Average out opinions – here is the crux of the difference – scenarios aim to explore different possible futures, often based on different current competing philosophies.

Mathematical models – we will explore in later blogs the role of mathematical models in exploring the future – essentially the implications that models are based on assumptions and can mislead unless these assumptions are transparent and explicit to all users of the model. And most models are not constructed to be able to handle fundamental shifts in underlying behaviour.

Absolutely, predictable biases exist – yes! This is so important, and we run a training course on this, details on

It is important to note the scope of the superforecasters in terms of both subject matter and timescale.

Subject matter: the experimental data on successful forecasters is based on global political forecasting (in the original book, Tetlock, P.E. Expert political judgment: How good is it? How can we know?. Princeton University Press. ISBN 9780691128719.) and in creating his subsequent panel of volunteers. Do the heuristics apply to forecasting of take up of technology and ensuing social change? Here, for instance, it can be argued that averaging out of opinions may mean that prudent planning is not done, as in the telecoms companies who were late in explore the changes in traffic patterns from mobiles and the internet-driven data flows. Or Steve Ballmer, then CEO of Microsoft, “There is no chance that the iPhone is going to get any significant market share. No chance”

Timescale: judging forecasts is difficult unless they are explicit about the timescale. And most forecasts don’t – like Steve Ballmer’s above. But we note that the experimental data about superforecasters quoted in the book is that superforcasters looking out 300 days were more accurate the forecasters looking out 100 days.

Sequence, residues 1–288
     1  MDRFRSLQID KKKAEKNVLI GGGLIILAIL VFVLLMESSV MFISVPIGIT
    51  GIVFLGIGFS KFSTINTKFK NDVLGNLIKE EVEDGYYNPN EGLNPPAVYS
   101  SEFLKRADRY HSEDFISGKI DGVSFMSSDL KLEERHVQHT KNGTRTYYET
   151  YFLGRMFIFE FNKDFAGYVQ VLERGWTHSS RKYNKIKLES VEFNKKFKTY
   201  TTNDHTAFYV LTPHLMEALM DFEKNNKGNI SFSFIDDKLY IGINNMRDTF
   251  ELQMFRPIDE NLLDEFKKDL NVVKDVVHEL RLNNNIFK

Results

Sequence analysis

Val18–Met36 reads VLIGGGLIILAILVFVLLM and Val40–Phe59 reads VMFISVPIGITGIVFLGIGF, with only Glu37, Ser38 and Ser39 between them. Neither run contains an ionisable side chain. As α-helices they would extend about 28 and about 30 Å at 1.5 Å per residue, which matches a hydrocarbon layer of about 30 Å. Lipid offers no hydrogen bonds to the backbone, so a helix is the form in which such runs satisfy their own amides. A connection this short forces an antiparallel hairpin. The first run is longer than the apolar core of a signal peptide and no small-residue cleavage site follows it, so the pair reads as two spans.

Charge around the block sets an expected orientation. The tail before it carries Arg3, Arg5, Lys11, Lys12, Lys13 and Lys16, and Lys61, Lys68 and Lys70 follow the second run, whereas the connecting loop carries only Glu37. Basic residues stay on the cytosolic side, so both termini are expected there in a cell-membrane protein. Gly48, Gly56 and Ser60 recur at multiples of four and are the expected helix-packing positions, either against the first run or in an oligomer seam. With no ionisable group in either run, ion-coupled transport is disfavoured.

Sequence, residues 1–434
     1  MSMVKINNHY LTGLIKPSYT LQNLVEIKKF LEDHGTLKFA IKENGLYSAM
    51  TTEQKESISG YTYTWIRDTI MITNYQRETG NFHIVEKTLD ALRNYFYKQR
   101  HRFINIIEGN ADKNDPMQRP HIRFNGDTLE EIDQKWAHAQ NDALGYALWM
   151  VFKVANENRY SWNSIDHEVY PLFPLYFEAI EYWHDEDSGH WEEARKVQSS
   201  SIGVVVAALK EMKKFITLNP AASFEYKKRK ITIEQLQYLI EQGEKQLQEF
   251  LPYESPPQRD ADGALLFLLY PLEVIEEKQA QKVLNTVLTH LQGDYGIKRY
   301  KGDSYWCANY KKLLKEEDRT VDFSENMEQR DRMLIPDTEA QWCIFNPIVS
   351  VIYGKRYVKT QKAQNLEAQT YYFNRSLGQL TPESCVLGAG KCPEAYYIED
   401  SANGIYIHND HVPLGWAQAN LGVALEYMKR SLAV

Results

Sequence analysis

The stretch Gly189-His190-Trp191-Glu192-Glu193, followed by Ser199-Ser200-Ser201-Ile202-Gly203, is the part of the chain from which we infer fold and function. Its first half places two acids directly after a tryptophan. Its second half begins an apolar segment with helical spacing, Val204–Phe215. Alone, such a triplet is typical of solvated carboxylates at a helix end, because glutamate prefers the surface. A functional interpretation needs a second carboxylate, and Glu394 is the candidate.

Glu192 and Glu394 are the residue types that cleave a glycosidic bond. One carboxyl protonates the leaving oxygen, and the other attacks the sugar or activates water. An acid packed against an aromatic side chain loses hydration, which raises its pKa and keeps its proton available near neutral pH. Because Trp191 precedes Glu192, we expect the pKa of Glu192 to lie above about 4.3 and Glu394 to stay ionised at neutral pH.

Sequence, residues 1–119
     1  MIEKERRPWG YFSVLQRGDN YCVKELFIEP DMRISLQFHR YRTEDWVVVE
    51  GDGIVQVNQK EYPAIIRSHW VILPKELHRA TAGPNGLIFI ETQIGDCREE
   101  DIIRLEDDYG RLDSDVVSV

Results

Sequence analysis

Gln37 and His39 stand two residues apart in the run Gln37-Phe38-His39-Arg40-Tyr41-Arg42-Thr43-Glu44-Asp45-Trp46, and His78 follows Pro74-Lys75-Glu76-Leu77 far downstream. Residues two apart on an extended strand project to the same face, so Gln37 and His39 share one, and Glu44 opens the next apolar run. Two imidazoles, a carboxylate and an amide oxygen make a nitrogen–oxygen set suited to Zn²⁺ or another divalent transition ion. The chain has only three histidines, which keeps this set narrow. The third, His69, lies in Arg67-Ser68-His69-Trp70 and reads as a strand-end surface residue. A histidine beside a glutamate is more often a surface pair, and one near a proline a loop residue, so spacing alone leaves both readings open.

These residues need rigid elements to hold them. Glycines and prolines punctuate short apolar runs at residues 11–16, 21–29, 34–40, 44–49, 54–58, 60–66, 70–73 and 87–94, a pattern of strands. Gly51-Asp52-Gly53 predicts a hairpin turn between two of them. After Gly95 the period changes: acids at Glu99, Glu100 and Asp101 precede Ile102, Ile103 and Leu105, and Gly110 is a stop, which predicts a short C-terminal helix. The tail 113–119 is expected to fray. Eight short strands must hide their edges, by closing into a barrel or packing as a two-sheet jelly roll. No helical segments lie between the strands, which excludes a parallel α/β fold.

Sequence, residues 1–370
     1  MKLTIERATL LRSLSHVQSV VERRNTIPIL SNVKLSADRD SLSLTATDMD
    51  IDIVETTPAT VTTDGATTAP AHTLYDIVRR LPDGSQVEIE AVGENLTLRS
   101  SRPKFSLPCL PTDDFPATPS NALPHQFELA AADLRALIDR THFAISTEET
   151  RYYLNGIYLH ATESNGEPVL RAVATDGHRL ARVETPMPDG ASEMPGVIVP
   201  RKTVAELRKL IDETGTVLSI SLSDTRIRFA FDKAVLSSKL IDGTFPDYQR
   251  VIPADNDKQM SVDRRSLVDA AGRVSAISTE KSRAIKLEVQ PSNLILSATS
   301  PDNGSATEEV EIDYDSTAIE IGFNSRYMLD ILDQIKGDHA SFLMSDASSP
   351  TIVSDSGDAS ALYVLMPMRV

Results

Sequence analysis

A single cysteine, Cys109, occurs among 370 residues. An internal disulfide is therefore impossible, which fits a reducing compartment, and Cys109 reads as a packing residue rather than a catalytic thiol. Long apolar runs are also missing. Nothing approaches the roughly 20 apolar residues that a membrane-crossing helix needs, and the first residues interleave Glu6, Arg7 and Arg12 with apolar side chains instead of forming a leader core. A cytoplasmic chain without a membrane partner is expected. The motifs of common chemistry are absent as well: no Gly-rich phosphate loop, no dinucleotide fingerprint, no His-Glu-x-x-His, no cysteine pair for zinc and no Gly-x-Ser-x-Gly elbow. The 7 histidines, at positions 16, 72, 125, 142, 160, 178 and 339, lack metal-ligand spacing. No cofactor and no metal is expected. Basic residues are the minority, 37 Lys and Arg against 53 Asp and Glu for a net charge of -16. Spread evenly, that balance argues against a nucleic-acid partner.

So, as our work is often about futures 5 years to 50 out, we learn what we can from Superforecasters and then need to add in the potential paradigm changers and explore these through scenarios – possible different futures.

Written by Gill Ringland, SAMI Fellow Emeritus.

The views expressed are those of the author and not necessarily of SAMI Consulting.

If you enjoyed this blog from SAMI Consulting, the home of scenario planning, please sign up for our monthly newsletter at and/or browse our website at


State of the Future 19.1

March 21, 2018

In his second blog on the work of the Millennium Project, Tony Diggle looks at their latest “State of the Future” report.

Published at the end of last year, this report is the nineteenth in a series of reports (originally annual and subsequently biennial) produced by the Millennium Project, a voluntary think tank of futurists, scholars, scientists, business planners and policymakers worldwide. It is intended to provide an overview of the global strategic landscape, a context for understanding global issues, opportunities and foreseeable prospects, and offers a systematic framework for understanding global change. It is aimed at thought leaders, decision-makers and interested parties generally. The Project’s diversity of opinion and global views is ensured by its sixty-three nodes around the world in all continents.


The heart of the report is a description of fifteen interdependent global challenges and actions to address them: these are transnational in nature and trans-institutional in solution. The challenges listed are as follows:

  1. Sustainable Development and Climate Change
  2. Water and Sanitation
  3. Population and Resources
  4. Democratization
  5. Global Foresight and Decision-Making
  6. Global Convergence of ICT
  7. Rich-Poor Gap
  8. Health Issues
  9. Education and Learning
  10. Peace and Conflict
  11. Status of Women
  12. Transnational Organised Crime
  13. Energy
  14. Science and Technology
  15. Global Ethics

The report finds that the world overall is expected to continue to improve over the next ten years. For example, extreme poverty has fallen from 51% in 1981 to 13% in 2012 and less than 10% currently. On the other hand environmental conditions, armed conflicts, terrorism and organised crime are getting worse. Distinctions between the last three have begun to blur increasing threats to democracies, development and security. Technological developments are expected to lead to a “fourth industrial revolution” making use of artificial intelligence, but as the developing world grows, water consumption per capita will increase giving rise to the possibility of serious water crises and migrations.

The body of the report dealing with the fifteen challenges individually is shorter and punchier than in previous years, but can still come across at times as a rather bland “statement of the case” with a wish list of solutions attached. But since the Millennium Project has been rated as among the top think tanks in the world for “new ideas and paradigms”, perhaps this should be seen as a virtue.